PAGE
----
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The Blaxploitation Era: A Scrapbook from the ’70s

20 Feb

In going through old file boxes from the 1970s, I found a number of clippings that effectively illustrate the Blaxploitation era of Hollywood filmmaking, a period from roughly 1971-75, when action and other genre films showcased black heroes and heroines, usually in reworkings of standard genre formulas. They were made quickly and cheaply to capitalize on a trend that could fade out at any time as it eventually did after its peak in 1972-73. These films played grindhouses and neighborhood theaters but also, for a time, premiered at the biggest Broadway movie palaces and commanded ads and constant press coverage. I usually saw them at Bronx neighborhood theaters where they were often paired with Italian westerns and, later, kung fu films, a trend which gradually displaced Blaxploitation. I’d like to share some of what I clipped 45 or so years ago, supplemented by movie stills from my collection and posters copied from IMDB and other sites.

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Great Moments in Classic Television from 2017

8 Jan

I watched approximately 765 episodes from over 100 different TV shows in 2017, spanning the years 1949 to 2017. And that doesn’t include specials, movie-spin-offs or TV movies. I watched more from the 1950s than any other decade (190), followed closely by the 2010s with 185. I watched four series in their entirety, as well as two entire seasons of “Perry Mason.” I watched mostly on DVD, but also on VHS, Blu-ray, Amazon Prime, YouTube and cable TV. I like to celebrate anniversaries so I watched a lot of shows from 1957, 60 years ago, and 1967, 50 years ago, and a good amount from 1997, but far fewer from 1977, 1987, and 2007.

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29 Dec

Today, December 29th, 2017, is the 50th anniversary of the New York City premiere of THE GOOD, THE BAD AND THE UGLY, the third film in Sergio Leone’s “Man with No Name” trilogy of Italian westerns starring Clint Eastwood (whose character actually has names in the first two films but is only called “Blondie” in the third). In honor of the occasion, I pulled out my old 1998 MGM DVD edition, mercifully unrestored and just like it was when it played in New York theaters back then, and watched it. (I paid several visits to see it on the big screen in 1969-72 and again, years later, when it played the Film Forum.) I even recently found the original Elgin Theater schedule that announced the triple bill of this film with two films by Sam Peckinpah, THE WILD BUNCH and THE BALLAD OF CABLE HOGUE, a seven-and-a-half-hour program which I attended on Saturday, January 29, 1972 with two friends from the Bronx. Continue reading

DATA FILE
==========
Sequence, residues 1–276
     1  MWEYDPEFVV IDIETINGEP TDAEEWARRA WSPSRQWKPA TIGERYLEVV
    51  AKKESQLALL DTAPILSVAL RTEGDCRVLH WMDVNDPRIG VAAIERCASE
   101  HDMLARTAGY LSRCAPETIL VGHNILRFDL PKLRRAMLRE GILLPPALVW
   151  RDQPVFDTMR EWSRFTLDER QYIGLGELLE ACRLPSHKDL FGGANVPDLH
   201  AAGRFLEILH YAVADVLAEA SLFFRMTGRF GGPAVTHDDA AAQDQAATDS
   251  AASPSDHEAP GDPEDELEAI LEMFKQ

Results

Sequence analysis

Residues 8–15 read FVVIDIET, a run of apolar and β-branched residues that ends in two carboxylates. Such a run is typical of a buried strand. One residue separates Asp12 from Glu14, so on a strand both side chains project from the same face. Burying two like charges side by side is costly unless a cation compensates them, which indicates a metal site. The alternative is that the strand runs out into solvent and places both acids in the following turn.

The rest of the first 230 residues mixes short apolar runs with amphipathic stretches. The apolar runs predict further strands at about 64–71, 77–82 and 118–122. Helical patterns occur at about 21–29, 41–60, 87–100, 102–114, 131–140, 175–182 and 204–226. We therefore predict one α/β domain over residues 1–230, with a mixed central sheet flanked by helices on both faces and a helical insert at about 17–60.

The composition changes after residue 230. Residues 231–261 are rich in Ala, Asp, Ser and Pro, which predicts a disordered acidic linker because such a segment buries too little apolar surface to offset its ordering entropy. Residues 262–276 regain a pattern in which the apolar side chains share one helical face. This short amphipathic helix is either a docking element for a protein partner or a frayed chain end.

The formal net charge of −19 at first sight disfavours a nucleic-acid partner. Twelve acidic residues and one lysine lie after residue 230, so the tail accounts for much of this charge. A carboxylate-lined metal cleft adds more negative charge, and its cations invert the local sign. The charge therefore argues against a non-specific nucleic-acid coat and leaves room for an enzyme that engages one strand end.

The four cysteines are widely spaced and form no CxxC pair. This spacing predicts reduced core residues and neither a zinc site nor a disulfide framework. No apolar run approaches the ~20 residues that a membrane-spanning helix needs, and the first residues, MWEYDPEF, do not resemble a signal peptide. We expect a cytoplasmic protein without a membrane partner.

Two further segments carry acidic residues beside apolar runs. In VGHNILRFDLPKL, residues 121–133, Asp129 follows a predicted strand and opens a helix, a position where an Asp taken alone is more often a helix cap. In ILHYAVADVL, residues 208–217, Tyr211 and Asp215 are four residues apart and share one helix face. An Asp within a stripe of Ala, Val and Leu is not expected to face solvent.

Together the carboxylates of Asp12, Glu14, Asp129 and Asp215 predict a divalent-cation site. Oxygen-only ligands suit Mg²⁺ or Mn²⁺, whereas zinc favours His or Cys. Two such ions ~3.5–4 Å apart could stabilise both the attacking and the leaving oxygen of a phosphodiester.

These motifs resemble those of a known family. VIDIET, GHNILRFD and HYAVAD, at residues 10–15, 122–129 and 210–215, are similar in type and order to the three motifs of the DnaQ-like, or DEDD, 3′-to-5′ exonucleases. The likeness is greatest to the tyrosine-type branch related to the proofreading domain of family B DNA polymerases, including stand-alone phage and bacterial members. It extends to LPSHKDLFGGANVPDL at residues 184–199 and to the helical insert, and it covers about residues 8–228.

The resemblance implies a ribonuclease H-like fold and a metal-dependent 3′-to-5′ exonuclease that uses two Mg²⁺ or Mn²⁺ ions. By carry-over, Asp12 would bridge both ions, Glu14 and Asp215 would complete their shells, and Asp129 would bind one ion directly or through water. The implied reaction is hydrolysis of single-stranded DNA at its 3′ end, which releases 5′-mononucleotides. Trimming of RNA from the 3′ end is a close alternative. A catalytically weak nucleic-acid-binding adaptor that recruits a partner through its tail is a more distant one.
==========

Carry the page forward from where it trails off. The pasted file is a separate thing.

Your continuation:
Perry Mason in Japan: “The Case of the Blushing Pearls” (1959)

24 Oct

Well, okay, he doesn’t go to Japan exactly, but rather to Little Tokyo in Los Angeles in an episode of “Perry Mason” called “The Case of the Blushing Pearls,” which had its premiere on Saturday night, October 24, 1959, 58 years ago today. It was Raymond Burr’s first on-screen encounter with Japanese characters since he’d shot scenes with Japanese-American actors three years earlier to be inserted into a re-edited version of the Japanese monster film GOJIRA (1954), to be called GODZILLA, KING OF THE MONSTERS (1956) for its U.S. release, as seen here: